With Jon Jones, you know the controversy is coming. It's just a matter of whether it will be big enough to once again derail his train and send it back into the dust.
A few picograms aside, the light heavyweight champion was intact when he made it to his title defense Saturday at UFC 235 in Las Vegas, where he was a massive 3-20 favorite, according to OddsShark, to handle Anthony Smith.
The champ tried to put the challenger away early, but Smith isn't called Lionheart for nothing, as Jones would soon find out.
In the waning moments of the fourth round, Jones fired a knee at Smith, who was clearly down on the canvas at the time, making the strike blatantly illegal. The knee connected solidly with Smith's head, and the challenger would have been well within his rights to decide he couldn't continue and take a win by disqualification—the only manner anyone has ever successfully used to defeat Jones.
But Smith fought on, going the distance while taking a lopsided decision loss.
It was a dull affair for Jones, but a bullet was dodged.
"I'm getting familiar with what it feels like to be a UFC fighter," Jones told broadcaster Joe Rogan in the cage after the fight. "I'm past all the nerves and overthinking things and underthinking things. I'm really starting to feel like a veteran, which is cool because I'm still in my early 30s."
Fight fans need neither the full rundown of Jones' past transgressions nor the soliloquy on his singular greatness. They're both well-documented and larger than life. That's how he looked in the cage Saturday, as despite both men being 6'4", Jones was the bigger human. The rangy phenom is now a full-grown man; one can sense that veteran presence he alluded to in his remarks.
The athleticism is still there, though. His kicks snapped with ease to all levels of Smith's body, with the legs and midsection his favorite targets. A spinning elbow caught Smith full in the face. There were flashes of Bones Jones throughout the contest.
Smith neutralized some of that with his toughness, and he deserves credit for going five rounds with the best fighter in the world. Still, the fight ground down to a crawl in part because Smith became hesitant to fire back.
He did land a couple of nice shots, including a right hand in the second that caused swelling over Jones' eye, but he was caught staring for long stretches. As Smith himself told Rogan afterward, "I sat back and let Jon Jones be Jon Jones."
When Smith wouldn't succumb to the knockout, the fight shifted to takedowns and extended sequences on the ground or clinched against the fence. Jones was dominant in all these phases. All of it was there: The hand fighting that has become so distinctive, the almost preternatural range control, the way he seems to find a convincing way to attack from unlikely positions.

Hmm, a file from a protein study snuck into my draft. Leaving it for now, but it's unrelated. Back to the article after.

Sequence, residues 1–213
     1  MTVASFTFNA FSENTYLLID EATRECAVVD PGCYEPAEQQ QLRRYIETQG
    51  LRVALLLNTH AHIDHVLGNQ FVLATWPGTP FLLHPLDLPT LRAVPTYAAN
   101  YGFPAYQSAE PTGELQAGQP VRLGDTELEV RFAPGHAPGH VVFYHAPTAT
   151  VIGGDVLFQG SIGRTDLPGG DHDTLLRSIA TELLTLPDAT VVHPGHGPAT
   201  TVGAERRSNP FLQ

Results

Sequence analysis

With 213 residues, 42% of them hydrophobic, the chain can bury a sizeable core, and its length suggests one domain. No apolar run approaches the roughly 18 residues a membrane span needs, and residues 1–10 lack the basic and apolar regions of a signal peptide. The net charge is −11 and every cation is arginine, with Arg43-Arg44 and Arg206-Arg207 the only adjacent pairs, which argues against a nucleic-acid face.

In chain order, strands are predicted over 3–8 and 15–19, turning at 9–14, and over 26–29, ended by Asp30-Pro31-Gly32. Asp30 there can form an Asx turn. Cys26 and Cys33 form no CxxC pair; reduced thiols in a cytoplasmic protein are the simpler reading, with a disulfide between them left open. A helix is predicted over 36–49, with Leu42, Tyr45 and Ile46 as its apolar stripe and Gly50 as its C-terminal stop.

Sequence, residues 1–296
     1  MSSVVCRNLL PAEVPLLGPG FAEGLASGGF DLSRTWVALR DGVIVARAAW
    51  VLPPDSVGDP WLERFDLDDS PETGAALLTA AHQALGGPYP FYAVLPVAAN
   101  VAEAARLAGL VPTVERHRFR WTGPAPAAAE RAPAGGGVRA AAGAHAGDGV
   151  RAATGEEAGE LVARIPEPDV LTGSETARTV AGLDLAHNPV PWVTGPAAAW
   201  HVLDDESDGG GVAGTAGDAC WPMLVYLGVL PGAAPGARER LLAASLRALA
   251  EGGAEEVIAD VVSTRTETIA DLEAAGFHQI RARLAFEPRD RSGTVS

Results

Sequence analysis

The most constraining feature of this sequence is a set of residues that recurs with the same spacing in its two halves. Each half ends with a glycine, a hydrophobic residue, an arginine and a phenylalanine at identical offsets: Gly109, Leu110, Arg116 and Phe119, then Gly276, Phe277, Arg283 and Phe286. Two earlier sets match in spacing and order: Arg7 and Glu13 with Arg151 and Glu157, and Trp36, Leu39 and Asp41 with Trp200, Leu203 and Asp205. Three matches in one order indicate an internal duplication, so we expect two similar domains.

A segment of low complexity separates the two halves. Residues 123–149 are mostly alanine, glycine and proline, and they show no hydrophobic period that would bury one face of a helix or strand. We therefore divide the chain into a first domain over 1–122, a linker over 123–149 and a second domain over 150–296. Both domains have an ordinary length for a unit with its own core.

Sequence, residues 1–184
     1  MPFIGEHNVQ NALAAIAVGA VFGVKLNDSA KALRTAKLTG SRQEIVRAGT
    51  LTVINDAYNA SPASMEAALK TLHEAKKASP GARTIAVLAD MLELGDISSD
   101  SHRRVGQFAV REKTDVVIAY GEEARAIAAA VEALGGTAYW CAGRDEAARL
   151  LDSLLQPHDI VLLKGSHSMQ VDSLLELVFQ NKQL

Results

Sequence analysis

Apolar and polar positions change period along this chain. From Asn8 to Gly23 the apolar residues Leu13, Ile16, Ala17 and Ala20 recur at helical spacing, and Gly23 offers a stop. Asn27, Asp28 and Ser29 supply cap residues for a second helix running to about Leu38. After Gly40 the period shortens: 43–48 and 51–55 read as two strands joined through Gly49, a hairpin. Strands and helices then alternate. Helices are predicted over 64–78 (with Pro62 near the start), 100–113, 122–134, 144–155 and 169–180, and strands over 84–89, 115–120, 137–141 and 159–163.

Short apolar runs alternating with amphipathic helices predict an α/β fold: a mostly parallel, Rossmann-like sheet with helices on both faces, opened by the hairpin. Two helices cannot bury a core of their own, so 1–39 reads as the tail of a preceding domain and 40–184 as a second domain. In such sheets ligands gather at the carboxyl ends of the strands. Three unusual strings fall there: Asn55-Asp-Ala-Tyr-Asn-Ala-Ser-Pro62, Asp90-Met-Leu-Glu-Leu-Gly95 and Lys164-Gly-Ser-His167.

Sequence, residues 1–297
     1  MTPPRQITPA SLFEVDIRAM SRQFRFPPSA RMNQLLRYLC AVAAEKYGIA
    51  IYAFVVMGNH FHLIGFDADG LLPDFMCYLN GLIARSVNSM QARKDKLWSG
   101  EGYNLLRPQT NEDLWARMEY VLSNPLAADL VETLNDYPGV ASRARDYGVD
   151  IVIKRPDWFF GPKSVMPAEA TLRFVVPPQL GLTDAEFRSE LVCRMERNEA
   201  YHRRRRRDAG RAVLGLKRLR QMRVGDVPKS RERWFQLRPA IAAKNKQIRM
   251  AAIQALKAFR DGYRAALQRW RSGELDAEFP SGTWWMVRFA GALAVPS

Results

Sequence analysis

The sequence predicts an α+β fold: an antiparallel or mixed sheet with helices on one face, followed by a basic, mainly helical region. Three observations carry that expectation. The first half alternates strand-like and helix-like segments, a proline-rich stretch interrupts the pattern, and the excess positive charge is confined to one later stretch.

Only Jones can bring that to the table. The illegal knee, which was nowhere close to being legal, nearly brought this latest MMA comeback—only two fights deep—to a standstill or worse. Maybe that was why Jones was effusive in his praise of Smith's toughness after the fight, as he knew full well he was a hair's breadth from yet another long fall into a dumpster of rotten tomatoes.
"Hats off to Anthony Smith," Jones told Rogan. "His reputation is that he's just so durable. And now I see why they call him Lionheart. I have never had anyone talk to me while I was hitting them. Saying 'that was nice,' or 'is that all you got?' This guy was amazing. ... He was like the Terminator."
For years, Jones has playfully engaged with rumors about a move up to heavyweight. Brock Lesnar is a name that has been bandied about as a potential opponent. Of course, longtime rival Daniel Cormier is the heavyweight champ. Jones has always been coy about his future and remained so Saturday, but he may have tipped his hand just a bit.
"Right now, I'm just gonna enjoy this win, go back to the drawing board and think about ways to get better," he said. "There's a lot of young talent in the UFC. So many guys who are looking unbelievable."
That could be a signal that he's looking to stay at 205 pounds. Why? Because further down the card, a 26-year-old light heavyweight by the name of Johnny Walker continued a run that could be characterized as "unbelievable."
The dynamic, breakdancing Brazilian pulled off a flying-knee knockout of Misha Cirkunov in 36 seconds. It was Walker's third bout in the UFC proper, all happening over the past five months. All three ended in knockouts, and not one of them made it to the two-minute mark.
That would be an easy fight to promote, and you can bet the effusive Walker would be up to his end of it. There are good fights and fighters at heavyweight, but if Jones meant what he said about being interested by young guys looking unbelievable, that has to be where he's looking.
Speculation there will surely continue, as speculation is the fuel of the Jon Jones train. After a lackluster fight and another near-miss, fans should be glad they have the luxury.
Scott Harris covers MMA for Bleacher Report.